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Why shoot video?

In the past we’ve focused on teaching you about underwater still photography, including (amongst other topics) equipment, locations and techniques. In the next few issues, we’re going to be diversifying a little, with a series of articles about underwater video.
Why shoot video?
Published in X-Ray Issue: 16 - Apr 2007
Authored by: Dan Beecham | Photography: | Translation:
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As with any topic, there are various degrees of understanding to underwater video. For now, we’re going to be concentrating on helping you get to grips with the basics, and we’ll be breaking it down into small digestible topics, which will include:

• Equipment (camera’s and housings, planning a trip or shoot)
• Lighting and Colour (underwater lights, white balancing, using filters)
• Technique (diving for underwater video, camera movements)
• Post processing (capturing, editing, colour correction, sharing)

In this first article, we’re going to look at some general video theory, including:
• Why shoot video?
• Formats
• Frame rates
• Progressive or interlaced?
• Aspect ratios

Why Shoot Video?
People have different reasons for first taking a video camera underwater. Some divers turn to video in an effort to generally rejuvenate their interests in diving. Once you have a camera in your hands, the quietest of dive sites can become a haven, you can spend an entire dive waiting to capture a certain fish species, or rare behaviour.

For others, it can be out of necessity. Many resort or live-aboard dive guides shoot holiday videos for guests to supplement income. Commercial divers regularly use video camera cameras for inspection work, to show a client a progress or damage to an underwater construction.

There’s also the obvious application of professional filming work for documentaries and feature films. A select few individuals specialize in high definition and large format film work, creating ‘blue-chip’ documentaries for broadcast and theatre release. The majority of divers however simply shoot for fun, and to share their underwater experiences. Thanks to technological advances, it’s now easier than ever to successfully shoot, edit and share your videos.

Cameras are simultaneously getting cheaper and better, and the technology surrounding underwater housings and lighting systems is also helping us to achieve consistently better results. Many computers now come with video editing software such as iMovie, which allow you to easily put together basic movies. You can also buy consumer version’s of professional software packages such as Final Cut Pro, these provide an end to end software solution, allowing you to capture footage from your video tape, edit and output to a variety of different formats.

Sharing your videos is now also easier than ever. With the advent of websites such as youtube, you can share your videos with friends and family, or create podcasts for people to subscribe to and regularly download. After taking all this into account, there really seems that there’s never been a better time to get into underwater video.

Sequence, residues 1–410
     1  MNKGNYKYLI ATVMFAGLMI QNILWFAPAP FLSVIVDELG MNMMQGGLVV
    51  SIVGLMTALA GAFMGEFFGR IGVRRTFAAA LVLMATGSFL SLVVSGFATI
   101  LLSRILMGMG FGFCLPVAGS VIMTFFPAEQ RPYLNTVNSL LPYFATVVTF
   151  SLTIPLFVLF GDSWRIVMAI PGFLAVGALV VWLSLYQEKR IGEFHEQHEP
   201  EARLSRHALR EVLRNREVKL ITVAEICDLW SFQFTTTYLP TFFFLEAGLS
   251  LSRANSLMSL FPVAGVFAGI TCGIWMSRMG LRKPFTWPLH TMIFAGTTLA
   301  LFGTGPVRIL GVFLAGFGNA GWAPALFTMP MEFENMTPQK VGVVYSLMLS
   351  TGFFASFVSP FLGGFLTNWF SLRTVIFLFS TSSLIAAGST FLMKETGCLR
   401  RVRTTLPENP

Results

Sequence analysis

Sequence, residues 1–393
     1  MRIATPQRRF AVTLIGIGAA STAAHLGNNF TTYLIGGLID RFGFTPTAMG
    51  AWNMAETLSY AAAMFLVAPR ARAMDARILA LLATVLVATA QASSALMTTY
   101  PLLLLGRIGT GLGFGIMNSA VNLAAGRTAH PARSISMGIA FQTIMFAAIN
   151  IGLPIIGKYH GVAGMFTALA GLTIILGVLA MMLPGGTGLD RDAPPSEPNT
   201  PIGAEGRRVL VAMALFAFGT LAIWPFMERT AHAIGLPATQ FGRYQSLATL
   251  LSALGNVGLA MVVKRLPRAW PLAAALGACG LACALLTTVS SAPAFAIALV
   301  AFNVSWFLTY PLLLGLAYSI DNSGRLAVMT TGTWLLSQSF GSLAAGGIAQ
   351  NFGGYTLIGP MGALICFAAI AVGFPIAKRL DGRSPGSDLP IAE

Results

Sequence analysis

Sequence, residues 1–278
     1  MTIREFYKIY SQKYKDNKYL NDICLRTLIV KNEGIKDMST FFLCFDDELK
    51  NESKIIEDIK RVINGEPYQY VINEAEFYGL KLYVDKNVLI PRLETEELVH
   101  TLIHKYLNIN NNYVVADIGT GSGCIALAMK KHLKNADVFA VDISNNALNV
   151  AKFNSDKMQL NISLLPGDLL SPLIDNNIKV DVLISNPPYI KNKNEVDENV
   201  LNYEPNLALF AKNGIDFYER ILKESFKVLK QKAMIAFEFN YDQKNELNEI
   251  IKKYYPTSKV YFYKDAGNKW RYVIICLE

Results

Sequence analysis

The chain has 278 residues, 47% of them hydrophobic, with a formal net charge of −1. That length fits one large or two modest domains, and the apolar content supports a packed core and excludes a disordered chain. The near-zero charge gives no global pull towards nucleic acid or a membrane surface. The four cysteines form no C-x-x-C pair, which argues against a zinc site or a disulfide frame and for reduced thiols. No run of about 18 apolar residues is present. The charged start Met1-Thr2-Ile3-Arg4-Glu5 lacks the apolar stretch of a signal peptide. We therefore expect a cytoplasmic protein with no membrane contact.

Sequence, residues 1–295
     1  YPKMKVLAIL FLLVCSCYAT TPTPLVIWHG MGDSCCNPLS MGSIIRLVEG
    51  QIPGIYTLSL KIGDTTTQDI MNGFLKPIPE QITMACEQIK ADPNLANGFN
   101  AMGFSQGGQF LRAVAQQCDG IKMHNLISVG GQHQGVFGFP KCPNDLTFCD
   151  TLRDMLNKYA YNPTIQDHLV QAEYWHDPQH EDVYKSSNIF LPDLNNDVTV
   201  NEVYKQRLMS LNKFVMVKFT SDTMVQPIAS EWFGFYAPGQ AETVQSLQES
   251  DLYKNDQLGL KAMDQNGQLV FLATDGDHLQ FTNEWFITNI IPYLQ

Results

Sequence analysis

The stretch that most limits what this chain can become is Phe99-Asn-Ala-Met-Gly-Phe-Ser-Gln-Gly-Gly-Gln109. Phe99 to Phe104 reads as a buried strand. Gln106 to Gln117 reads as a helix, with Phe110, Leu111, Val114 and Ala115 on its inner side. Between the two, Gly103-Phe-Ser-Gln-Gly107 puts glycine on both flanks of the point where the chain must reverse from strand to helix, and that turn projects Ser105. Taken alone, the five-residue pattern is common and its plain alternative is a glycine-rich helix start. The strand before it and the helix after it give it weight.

Formats
There’s a number different video formats available these days. We only really need to look at a couple, DV and HDV. Other formats generally remain solely the territory of professional cinematographers, and are not suitable for recreational divers for a number of reasons, including the costs involved, as well as the logistical issues relating to transportation of large numbers of support equipment that professional systems demand.

DV has been a popular format for a long time now, and is still very popular today. The cameras are still available to buy, as are the housings and other support equipment, but the advent of a newer, better format has taken DV’s place as the most common video format in use.

Roughly three years ago, Sony released their first HDV camera. Since this time, the HDV format—which was created by a consortium of manufacturers including Sony, Canon, Sharp and JVC—has gained tremendous popularity. Many production companies and networks have adopted the format for a variety of uses. Often times, to save costs, a production may consist of a mixture of true

High Def material alongside HDV material, the picture quality is that good. Even though its been adopted by major industry players, don’t think that HDV is for professionals only. Many different manufacturers produce HDV cameras, and there are models available for as little as $1000, which produce stunning results. More and more cameras become available, some of which even have switchable frame rates, or can be switched between progressive or interlaced modes. Both DV and HDV use the same storage medium—mini-DV videocassette tapes.

FPS, Frames per Second
The number of images that a video camera records in a second is known as the ‘frame rate’. In order to trick the eye into seeing movement rather than a series of still images, a minimum number of frames per second must be seen. Old mechanical cameras used to shoot frame rates as slow as six or eight fps, but modern, professional level cameras can shoot as much as 120fps, which can be used to show fast action in slow motion.

Different geographical regions use different frame rates, for example Europe, Asia and Australasia use 25fps, which is known as PAL. USA, Canada and Japan, etc., use NTSC or 29.97fps. Generally, you’ll only ever shoot the frame rate that is used in your country of residence. (...)

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Why shoot video?
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